There are four sports (soccer, netball, athletics and cricket) with more than 500 000 participants (all categories), a further six sports with over 200 000 participants, and a further 11 sports with over 100 000 participants.
White juniors (13 to 18 years) account for 50% or more of participants in 9 sporting codes, while there are 18 sporting codes where Black juniors account for 50% or more participants. 
The overall junior sports participants profile is 61% Black, 19% White, 14% Coloured and 6% Asian. 

These statistics are important because the Department and our federations have to ensure that young athletes with potential receive proper support to reach higher levels of performance. Ultimately, they must ensure representative teams who return victorious!

Our strategy outlines our approach to fulfil our responsibility in such a way that we contribute to transforming South Africa into a country that truly reflects the diversity of our people. We can make an important contribution in realising the vision as expressed by President Zuma on 3 June 2009, namely to create “an inclusive society, a South Africa that belongs to all, a nation united in its diversity, a people working together for the greater good of all.”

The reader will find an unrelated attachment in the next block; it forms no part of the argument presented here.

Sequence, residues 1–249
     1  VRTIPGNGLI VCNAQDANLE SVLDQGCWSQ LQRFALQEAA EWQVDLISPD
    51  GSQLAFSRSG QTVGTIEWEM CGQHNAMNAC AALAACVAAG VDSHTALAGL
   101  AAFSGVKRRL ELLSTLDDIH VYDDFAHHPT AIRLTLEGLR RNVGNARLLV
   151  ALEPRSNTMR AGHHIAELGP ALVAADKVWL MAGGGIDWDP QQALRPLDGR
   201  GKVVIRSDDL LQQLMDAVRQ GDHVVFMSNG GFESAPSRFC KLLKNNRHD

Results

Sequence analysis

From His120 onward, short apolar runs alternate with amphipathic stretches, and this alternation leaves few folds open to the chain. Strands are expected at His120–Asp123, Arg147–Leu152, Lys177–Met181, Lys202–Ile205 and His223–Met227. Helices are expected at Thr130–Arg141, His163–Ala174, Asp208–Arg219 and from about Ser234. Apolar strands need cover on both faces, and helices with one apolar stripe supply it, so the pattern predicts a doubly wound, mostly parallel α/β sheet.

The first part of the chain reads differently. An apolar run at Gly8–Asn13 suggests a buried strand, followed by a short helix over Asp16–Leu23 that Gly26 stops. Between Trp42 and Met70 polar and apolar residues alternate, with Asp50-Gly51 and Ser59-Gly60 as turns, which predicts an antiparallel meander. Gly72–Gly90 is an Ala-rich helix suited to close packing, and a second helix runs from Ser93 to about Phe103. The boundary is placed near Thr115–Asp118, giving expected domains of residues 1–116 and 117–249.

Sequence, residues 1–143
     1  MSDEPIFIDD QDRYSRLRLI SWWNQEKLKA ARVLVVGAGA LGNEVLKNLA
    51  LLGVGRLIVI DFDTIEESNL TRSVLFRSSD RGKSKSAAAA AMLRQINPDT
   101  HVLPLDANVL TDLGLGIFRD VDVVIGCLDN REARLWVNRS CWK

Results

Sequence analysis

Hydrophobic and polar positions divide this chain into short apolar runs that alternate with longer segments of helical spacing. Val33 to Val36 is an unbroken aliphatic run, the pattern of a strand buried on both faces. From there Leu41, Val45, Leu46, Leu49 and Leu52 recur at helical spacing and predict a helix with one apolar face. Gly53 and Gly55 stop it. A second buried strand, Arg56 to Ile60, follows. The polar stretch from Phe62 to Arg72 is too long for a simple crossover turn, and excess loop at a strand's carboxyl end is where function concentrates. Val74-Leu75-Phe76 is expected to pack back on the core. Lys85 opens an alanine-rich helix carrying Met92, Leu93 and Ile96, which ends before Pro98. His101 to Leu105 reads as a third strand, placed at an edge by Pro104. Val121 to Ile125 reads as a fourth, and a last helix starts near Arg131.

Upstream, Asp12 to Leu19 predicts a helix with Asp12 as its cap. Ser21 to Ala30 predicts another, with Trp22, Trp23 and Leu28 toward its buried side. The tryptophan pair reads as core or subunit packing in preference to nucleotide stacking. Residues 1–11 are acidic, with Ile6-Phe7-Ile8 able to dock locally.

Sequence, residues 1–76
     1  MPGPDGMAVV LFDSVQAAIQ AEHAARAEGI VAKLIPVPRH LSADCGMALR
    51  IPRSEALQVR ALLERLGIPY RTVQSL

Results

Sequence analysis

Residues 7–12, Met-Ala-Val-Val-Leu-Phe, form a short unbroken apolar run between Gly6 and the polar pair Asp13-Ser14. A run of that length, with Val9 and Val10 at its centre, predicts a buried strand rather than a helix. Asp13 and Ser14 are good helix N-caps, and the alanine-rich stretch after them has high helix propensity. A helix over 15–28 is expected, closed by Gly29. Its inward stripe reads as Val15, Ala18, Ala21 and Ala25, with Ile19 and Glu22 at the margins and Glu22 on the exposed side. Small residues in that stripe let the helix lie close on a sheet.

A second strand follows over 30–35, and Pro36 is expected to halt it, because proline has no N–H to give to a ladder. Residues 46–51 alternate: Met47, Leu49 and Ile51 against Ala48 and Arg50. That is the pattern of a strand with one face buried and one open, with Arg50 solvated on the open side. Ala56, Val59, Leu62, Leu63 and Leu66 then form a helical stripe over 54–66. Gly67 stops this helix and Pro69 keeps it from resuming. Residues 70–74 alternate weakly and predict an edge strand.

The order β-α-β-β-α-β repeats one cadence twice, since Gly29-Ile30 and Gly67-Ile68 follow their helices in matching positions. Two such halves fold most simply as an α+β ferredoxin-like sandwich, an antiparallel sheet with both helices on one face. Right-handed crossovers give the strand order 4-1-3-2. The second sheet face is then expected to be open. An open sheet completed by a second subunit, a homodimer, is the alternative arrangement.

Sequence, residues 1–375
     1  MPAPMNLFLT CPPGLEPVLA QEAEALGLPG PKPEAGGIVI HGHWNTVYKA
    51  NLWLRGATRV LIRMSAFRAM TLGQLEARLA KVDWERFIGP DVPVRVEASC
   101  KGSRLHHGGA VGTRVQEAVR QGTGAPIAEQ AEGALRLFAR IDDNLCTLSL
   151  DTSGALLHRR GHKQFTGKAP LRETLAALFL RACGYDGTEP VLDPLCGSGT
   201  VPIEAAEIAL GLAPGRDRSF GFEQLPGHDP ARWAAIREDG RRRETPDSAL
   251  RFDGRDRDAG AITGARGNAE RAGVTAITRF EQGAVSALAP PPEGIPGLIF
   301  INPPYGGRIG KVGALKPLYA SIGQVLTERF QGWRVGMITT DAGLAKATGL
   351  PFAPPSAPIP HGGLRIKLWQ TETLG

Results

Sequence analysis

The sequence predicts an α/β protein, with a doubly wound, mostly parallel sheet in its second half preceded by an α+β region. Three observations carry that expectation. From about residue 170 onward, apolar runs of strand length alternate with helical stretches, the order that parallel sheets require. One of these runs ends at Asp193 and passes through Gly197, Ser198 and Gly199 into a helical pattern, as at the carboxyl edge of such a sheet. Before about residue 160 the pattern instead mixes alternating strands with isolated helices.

To succeed in this, we have a responsibility to use sport and recreation to transform and develop all parts of the country and people equally, in line with the Constitution of the Republic of South Africa.

As per our electoral mandate, working together we can do more to build a better life for all.  Our people not only demand and expect it, they deserve it!

I thank you.